Long before watching his players hop the rail at the front of the home dugout at Modern Woodmen Park to join in a championship celebration Sunday night, Chris Widger had a hunch 2021 could be a special season.
The manager of the Quad Cities River Bandits mentioned that during a press conference the day before the team’s season opener on May 4, talking about the bond he had seen develop between players during spring training.
“These guys liked being around each other from the time when we all got together in the spring,’’ Widger said. “They came up with a River Bandits handshake, had some fun that type of thing. There was a bond, a feeling. I think they sensed the possibilities.’’
Most of the players the Kansas City Royals assigned to their new High-A Central League affiliate played on a team managed by Widger in 2019 at short-season Burlington (N.C.) in the Appalachian League.
That team had success, reaching the league championship series, but it did not win the title.
In a 2019 season in which Kansas City affiliates won league championships in the short-season Pioneer League and at both Class A levels in the South Atlantic and Carolina Leagues, to be on the outside looking in when their peers were receiving championship rings stung.
It also created motivation that only grew as players spent the COVID-canceled 2020 season on their own training and preparing for a hopeful return to competition this year.
“We’ve won a lot of games, but we’re still a hungry baseball team,’’ infielder Michael Massey said prior to the start of the High-A Central League Championship Series a week ago.
The River Bandits took those 2019 frustrations out of the competition throughout the regular season.
Quad Cities moved into first place in the Western Division standings on May 12, seven games into the season, and never let go of its grip on first place the remainder of the year.
The River Bandits moved 10 games over .500 for the first time on June 8, touched 20 games over that mark by July 14 and played their way 30 games over .500 for the first time on Aug. 8.
“This team put its foot on the gas and never let up,’’ relief pitcher Mitch Ellis said.
Quad Cities eventually worked its way to a 77-40 record during the final weekend of the regular season and carried a 77-41 record into its unique postseason series with Cedar Rapids, a best-of-five championship match-up between teams with the two best records in the league.
It took five games for the River Bandits to earn the fourth league championship won by Quad Cities since 2011, but the wait was worth it.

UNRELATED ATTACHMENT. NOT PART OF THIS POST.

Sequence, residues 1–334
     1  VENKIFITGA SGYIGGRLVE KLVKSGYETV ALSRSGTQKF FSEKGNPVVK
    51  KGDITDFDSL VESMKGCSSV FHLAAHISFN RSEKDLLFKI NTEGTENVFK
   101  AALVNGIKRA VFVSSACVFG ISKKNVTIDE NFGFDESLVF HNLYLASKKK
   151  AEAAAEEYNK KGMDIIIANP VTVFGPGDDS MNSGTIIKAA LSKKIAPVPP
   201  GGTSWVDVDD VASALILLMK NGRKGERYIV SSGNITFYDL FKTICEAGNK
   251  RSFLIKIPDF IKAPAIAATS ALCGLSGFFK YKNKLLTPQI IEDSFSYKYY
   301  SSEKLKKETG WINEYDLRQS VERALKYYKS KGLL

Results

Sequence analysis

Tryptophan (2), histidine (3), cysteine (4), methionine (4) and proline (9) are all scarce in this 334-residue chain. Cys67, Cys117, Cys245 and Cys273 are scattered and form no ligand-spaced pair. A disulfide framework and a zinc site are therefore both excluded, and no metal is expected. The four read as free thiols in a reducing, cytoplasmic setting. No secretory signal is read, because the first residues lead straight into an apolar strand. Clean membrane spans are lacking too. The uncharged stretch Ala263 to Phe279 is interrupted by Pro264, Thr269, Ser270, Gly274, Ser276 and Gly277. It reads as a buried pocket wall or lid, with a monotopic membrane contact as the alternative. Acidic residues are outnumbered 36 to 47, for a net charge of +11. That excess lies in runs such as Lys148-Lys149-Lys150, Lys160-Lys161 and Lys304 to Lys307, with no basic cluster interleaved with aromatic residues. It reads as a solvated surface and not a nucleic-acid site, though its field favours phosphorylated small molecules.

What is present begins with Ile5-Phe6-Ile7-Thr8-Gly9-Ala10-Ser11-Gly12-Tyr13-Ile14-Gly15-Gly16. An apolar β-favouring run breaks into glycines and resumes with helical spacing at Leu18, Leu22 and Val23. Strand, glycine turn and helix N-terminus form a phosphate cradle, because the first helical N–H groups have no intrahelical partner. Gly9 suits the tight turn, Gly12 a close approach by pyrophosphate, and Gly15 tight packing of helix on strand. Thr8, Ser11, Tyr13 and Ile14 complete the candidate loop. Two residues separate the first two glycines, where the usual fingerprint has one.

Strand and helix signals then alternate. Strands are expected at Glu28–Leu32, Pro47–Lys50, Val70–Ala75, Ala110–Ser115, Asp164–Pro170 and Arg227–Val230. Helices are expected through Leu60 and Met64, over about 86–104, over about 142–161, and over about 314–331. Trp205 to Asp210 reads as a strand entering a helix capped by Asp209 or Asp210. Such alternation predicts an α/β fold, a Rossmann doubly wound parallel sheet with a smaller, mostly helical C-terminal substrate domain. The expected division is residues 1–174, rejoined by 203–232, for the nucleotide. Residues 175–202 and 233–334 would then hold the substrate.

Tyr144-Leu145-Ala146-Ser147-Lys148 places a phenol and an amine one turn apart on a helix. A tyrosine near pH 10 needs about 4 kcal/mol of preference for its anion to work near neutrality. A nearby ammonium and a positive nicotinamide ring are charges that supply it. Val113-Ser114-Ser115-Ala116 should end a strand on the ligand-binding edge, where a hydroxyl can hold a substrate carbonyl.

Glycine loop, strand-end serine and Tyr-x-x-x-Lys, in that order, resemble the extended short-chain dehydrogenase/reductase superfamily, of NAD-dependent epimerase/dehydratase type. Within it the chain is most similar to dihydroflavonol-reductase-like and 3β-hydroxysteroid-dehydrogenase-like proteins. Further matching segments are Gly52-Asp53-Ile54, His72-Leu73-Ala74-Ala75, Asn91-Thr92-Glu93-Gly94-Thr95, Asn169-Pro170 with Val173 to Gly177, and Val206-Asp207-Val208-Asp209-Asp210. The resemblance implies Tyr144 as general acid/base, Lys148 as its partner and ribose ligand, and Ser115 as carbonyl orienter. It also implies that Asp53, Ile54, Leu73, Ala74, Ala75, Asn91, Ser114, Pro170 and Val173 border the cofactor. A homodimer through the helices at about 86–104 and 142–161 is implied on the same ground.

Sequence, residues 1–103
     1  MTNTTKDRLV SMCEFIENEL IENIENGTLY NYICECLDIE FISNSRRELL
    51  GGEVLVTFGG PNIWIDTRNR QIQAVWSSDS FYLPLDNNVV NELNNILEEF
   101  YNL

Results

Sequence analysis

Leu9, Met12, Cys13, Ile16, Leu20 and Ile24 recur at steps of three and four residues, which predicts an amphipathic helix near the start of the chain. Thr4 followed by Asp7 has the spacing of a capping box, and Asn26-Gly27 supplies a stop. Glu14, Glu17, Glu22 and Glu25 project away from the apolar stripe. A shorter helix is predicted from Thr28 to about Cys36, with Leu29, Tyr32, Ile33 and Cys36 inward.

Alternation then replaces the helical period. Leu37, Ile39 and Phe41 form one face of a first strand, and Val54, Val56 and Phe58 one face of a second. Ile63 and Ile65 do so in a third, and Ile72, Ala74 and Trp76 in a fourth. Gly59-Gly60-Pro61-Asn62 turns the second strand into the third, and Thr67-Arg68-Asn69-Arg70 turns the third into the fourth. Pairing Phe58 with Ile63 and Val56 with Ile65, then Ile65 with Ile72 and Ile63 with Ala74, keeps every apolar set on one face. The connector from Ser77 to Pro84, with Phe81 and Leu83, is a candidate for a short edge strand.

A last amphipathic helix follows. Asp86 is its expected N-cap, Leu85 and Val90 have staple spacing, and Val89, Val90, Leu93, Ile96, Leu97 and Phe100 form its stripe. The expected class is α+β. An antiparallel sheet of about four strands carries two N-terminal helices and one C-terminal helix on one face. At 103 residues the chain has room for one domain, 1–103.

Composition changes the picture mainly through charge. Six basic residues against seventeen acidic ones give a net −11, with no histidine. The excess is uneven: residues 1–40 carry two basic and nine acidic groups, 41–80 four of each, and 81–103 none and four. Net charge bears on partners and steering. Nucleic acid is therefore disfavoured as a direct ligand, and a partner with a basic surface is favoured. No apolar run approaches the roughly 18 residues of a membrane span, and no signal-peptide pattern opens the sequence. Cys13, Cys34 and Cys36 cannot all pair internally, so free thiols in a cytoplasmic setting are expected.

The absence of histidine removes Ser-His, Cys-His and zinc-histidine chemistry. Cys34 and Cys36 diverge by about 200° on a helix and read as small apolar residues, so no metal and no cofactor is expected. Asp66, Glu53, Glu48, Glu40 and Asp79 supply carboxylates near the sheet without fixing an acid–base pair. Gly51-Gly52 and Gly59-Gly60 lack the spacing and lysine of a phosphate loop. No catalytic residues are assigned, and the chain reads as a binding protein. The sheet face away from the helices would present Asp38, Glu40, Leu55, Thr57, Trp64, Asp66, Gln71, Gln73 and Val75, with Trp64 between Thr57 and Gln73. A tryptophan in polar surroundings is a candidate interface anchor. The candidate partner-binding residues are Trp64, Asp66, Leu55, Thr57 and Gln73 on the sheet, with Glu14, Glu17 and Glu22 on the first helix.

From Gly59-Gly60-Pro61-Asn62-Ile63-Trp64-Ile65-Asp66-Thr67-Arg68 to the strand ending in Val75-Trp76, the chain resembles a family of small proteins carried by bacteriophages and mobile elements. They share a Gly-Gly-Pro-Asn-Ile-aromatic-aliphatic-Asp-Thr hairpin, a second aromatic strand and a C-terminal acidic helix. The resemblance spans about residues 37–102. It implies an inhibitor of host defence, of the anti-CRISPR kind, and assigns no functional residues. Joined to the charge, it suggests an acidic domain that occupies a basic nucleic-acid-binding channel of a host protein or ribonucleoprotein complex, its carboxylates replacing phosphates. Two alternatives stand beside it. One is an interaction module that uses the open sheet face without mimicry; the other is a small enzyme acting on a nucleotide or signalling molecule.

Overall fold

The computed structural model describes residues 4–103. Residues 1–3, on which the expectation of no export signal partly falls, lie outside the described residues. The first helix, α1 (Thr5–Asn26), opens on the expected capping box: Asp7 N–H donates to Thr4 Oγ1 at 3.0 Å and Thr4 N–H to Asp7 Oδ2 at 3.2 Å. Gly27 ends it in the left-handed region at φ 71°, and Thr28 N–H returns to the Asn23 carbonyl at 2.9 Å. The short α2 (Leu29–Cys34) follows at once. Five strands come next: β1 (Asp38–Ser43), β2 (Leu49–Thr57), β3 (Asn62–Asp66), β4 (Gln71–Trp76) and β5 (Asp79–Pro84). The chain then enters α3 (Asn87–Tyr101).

“The best thing is that we won it together. A different guy stepped up every night. Everybody did their part,’’ said outfielder Tucker Bradley, who drove in two of the River Bandits’ five runs and homered in Sunday’s deciding fifth game of the title series.
Over the course of the regular season, Quad Cities lost only one of the 20 six-game sets its played, winning 13 and splitting six others.
The River Bandits had a flair for drama, coming from behind to win in 41 of their 80 victories and celebrating eight walk-off wins, the last a Logan Porter homer in the fourth game of the championship series.
Nick Loftin finished hitting for the cycle by homering for another walk-off win, completing a wild 14-12 win over South Bend on Aug. 1.
Quad Cities established a new franchise record by hitting 144 home runs and led the league with a .261 team batting average.
Loftin and Massey shared the league batting title with .289 averages and Bradley was seventh in the league with a .280 average, all part of a potent offense which finished with a league-best 401 extra-base hits.
The River Bandits had their moments on the mound as well.
Zach Haake and Dante Biasi combined on the River Bandits’ first no-hitter since 2009 in a 9-0 win over Wisconsin on June 18 and Anthony Veneziano shared the league lead with 127 strikeouts.
Will Klein, whose fastball regularly topped out over 100 miles per hour, worked out of the bullpen but finished third in the league with 121 stirikeouts and as a team, the River Bandits pitching staff helped themselves by issuing a league-low 460 walks.
“These guys, they played for each other all season. In a year where things were different because of the pandemic, they made my job easy,’’ Widger said.
“They were very motivated and worked well together right from the start. The guys who were in Burlington with me in '19, they knew what they wanted. The guys who came in, they blended in right away. They earned this. They’re champions, both on and off the field.’’